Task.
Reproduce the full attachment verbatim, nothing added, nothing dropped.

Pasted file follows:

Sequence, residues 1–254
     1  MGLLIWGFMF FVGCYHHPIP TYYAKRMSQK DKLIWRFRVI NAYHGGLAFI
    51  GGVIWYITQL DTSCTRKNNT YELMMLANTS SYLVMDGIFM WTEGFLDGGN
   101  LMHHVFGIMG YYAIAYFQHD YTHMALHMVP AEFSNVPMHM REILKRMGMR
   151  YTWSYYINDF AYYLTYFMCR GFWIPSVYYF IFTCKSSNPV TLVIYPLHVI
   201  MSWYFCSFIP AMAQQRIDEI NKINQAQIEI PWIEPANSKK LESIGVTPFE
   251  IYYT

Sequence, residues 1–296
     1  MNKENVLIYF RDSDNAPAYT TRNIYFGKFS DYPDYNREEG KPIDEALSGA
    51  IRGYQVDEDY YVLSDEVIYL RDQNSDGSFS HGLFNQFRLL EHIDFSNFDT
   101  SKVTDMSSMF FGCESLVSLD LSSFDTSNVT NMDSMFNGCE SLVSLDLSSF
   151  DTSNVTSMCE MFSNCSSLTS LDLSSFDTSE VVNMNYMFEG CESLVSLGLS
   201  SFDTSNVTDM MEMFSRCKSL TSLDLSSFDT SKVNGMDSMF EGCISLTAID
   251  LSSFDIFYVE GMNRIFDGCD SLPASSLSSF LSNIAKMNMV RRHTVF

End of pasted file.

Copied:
Sequence, residues 1–254
     1  MGLLIWGFMF FVGCYHHPIP TYYAKRMSQK DKLIWRFRVI NAYHGGLAFI
    51  GGVIWYITQL DTSCTRKNNT YELMMLANTS SYLVMDGIFM WTEGFLDGGN
   101  LMHHVFGIMG YYAIAYFQHD YTHMALHMVP AEFSNVPMHM REILKRMGMR
   151  YTWSYYINDF AYYLTYFMCR GFWIPSVYYF IFTCKSSNPV TLVIYPLHVI
   201  MSWYFCSFIP AMAQQRIDEI NKINQAQIEI PWIEPANSKK LESIGVTPFE
   251  IYYT

Sequence, residues 1–296
     1  MNKENVLIYF RDSDNAPAYT TRNIYFGKFS DYPDYNREEG KPIDEALSGA
    51  IRGYQVDEDY YVLSDEVIYL RDQNSDGSFS HGLFNQFRLL EHIDFSNFDT
   101  SKVTDMSSMF FGCESLVSLD LSSFDTSNVT NMDSMFNGCE SLVSLDLSSF
   151  DTSNVTSMCE MFSNCSSLTS LDLSSFDTSE VVNMNYMFEG CESLVSLGLS
   201  SFDTSNVTDM MEMFSRCKSL TSLDLSSFDT SKVNGMDSMF EGCISLTAID
   251  LSSFDIFYVE GMNRIFDGCD SLPASSLSSF LSNIAKMNMV RRHTVF